Tuesday, June 12, 2007

What I do Every Day

Jambo, everyone! My name is Bobby, and I'll be your tour guide through this photo safari through Africa. Pay close attention, because if you miss an animal, you'll have to scroll up to look at it again.

Right as we enter the forest, you can see just back there, behind the bamboo, the hind legs of an Okapi. Those stripes may make it look like a relative of the zebra, but actually, it's closest relative is the giraffe.

Next up, just over that rise there – you're looking at the head of a Bongo. See how his horns tilt close to his head? That enables the bongo to move quickly through the forest undergrowth, without getting snagged on thorns or dense foliage.

Oh, we're in luck! On the riverbank there across the way, you can see a Black Rhino! Black Rhino are hunted for their horns, and poachers have gone after them so aggressively, there are only 3,600 remaining in all of Africa. It's sad that even on reserves, poachers do sometimes sneak in and kill these beautiful creatures.

Now, check out these big guys and girls in the water! Those are Hippopotamus, and fully grown males in the species will be almost two and a half tons!

Up on the tree branches, you can see those birds with large bills: those are Pink-Backed Pelicans, and they'll get their pink backs during mating season.

Now, look closely at these creatures. They're called Nile Crocodile and one full grown Croc can be almost 20 feet long!

Now we're entering the Serengeti Grasslands, where many of the more famous animals from Africa live – like this Reticulated Giraffe - the tallest animal on Earth! A baby, like the one shown here, is already 6 feet tall at birth.

Nibbling on some lunch, you can see a Thompson's Gazelle, and he's fully grown at only 60 lbs.

These big, horned bulls are called Ankole Cattle, and those horns can be as long as six feet on either side!

The Impala that are all along the rise here are very nimble: they're known to jump 30 feet in a single leap! Also behind them, you can see some White-Bearded Wildebeest. They're part of the largest land migration left on Earth, with over a million migrating across Africa each year.

Now, here's a picture-perfect view of the modern African Elephant family. Baby African Elephants will spend almost 15 years of their lives with their mothers. During that time, they learn where all the watering holes are and where the best food is. Aren't they cute? Unfortunately, both male and female African Elephants are targeted by poachers since they both have horns. It's sad, because poaching is largely the result of poverty and ignorance. Any person with a rifle can bring down an elephant and saw off it's tusks for more money than they could make in a year in most African countries. The best defense against poaching we have is education, and it's super important to ensure that folks here are aware of the problem of illegal hunting.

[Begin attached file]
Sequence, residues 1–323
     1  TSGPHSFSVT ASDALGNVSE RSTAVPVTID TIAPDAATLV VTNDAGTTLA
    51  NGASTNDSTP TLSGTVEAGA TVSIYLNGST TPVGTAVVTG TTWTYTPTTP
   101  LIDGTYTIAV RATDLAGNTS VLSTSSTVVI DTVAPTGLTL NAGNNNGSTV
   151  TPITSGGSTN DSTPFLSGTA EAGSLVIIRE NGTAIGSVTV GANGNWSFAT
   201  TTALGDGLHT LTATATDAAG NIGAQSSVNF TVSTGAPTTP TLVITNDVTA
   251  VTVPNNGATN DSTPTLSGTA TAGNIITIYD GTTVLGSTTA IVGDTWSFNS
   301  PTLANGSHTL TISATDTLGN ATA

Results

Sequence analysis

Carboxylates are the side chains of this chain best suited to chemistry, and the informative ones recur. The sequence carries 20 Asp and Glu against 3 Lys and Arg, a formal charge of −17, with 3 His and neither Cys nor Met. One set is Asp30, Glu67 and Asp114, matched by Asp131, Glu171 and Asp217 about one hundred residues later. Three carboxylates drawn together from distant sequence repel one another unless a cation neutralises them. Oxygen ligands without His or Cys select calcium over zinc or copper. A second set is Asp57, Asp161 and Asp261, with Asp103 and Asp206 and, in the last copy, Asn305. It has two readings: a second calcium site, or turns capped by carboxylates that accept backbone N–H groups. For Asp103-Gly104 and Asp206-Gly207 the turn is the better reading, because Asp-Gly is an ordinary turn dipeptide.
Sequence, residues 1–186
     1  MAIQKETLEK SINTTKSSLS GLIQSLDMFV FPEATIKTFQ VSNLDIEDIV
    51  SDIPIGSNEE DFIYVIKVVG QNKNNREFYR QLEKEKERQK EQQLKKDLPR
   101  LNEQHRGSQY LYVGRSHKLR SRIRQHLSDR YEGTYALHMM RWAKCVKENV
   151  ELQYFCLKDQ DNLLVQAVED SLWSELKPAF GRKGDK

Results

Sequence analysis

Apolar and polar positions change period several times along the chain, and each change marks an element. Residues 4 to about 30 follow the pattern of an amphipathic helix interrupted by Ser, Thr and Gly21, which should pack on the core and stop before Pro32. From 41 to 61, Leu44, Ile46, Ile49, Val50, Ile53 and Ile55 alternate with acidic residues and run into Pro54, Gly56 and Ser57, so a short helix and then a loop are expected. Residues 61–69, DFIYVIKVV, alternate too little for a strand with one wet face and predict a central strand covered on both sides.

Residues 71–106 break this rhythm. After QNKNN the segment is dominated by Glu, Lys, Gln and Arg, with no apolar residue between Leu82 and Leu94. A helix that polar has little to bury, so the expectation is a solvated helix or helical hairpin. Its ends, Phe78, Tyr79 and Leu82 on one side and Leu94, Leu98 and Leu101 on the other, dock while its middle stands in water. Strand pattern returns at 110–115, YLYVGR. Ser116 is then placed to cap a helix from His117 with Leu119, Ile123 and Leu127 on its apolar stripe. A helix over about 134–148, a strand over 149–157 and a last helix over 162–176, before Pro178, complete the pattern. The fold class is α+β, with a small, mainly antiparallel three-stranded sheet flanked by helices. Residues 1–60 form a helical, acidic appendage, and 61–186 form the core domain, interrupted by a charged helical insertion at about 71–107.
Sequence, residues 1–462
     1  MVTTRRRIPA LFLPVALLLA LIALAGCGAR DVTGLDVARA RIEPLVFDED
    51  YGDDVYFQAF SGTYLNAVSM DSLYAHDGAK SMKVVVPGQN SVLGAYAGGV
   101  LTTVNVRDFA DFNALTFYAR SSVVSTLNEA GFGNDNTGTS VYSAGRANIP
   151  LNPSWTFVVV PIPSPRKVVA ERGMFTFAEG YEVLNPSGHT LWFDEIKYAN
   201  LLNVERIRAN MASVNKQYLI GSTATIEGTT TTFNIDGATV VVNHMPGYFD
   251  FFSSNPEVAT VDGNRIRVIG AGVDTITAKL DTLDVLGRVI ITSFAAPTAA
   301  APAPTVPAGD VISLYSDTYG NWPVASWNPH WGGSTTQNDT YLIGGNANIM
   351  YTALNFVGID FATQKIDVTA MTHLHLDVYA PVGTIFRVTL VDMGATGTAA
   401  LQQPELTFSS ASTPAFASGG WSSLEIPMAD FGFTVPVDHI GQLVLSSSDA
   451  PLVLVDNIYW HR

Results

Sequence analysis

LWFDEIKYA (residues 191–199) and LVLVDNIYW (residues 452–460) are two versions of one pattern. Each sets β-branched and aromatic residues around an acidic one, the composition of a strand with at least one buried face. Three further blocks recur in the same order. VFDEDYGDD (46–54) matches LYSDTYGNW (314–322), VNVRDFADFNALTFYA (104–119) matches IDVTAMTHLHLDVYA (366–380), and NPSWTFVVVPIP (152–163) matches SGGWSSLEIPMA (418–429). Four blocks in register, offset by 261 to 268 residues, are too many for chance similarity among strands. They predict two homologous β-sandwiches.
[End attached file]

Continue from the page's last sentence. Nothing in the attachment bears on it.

These Greater Flamingo are the largest of all flamingos and the lightest flamingos in Africa! Their color comes from their diet, which consists predominantly of shrimp and other sea creatures rich in keratin. They're not actually born pink, you see: it takes 18-20 months for them to develop that color.

Get a good look at this creature here, because the Bontebok is extinct in the wild. They were hunted so aggressively by poachers for their corkscrew-like horns that that's how bad it got: Today, they are extinct outside reserves like ours at Harambe. The bright side is that they are actually thriving on reserves. You could say that we're bringing Bonte bok. (Sue me, it's an inside joke).

Say hello to the White Rhino! Not actually white, the name comes from a mis-pronunciation of the Afrikaans word 'vite,' which means "wide" (after their wide-set jaws). The name stuck when westerners first heard it.

These Scimitar-Horned Oryx are named after the middle-eastern sword, the scimitar. See how their horns curve in much the same way a scimitar does?

The Warthog on this patch of grass here is actually a fierce little guy. See those tusks? They're razor sharp, and they use them to dig into the rock, creating warthog burrows. Once they're backed in, it makes a great defense.

Last but not least, the Ostrich is one of the flightless birds, but that's probably okay with them, since they can run at speeds of 40 miles per hour. Interestingly, they're not the smartest animals around; an Ostrich's eyes are bigger than its brain.

I really hope you've enjoyed a look at some of these amazing animals that I'm privileged to be able to share with you. Remember, no matter how far from Africa you are, there are always opportunities to help conserve and protect endangered species in your area. Guys and girls, it's so important to help protect threatened animals: like Dino-Land here at Animal Kingdom reminds us, extinction is forever.

Kwaherini and good day,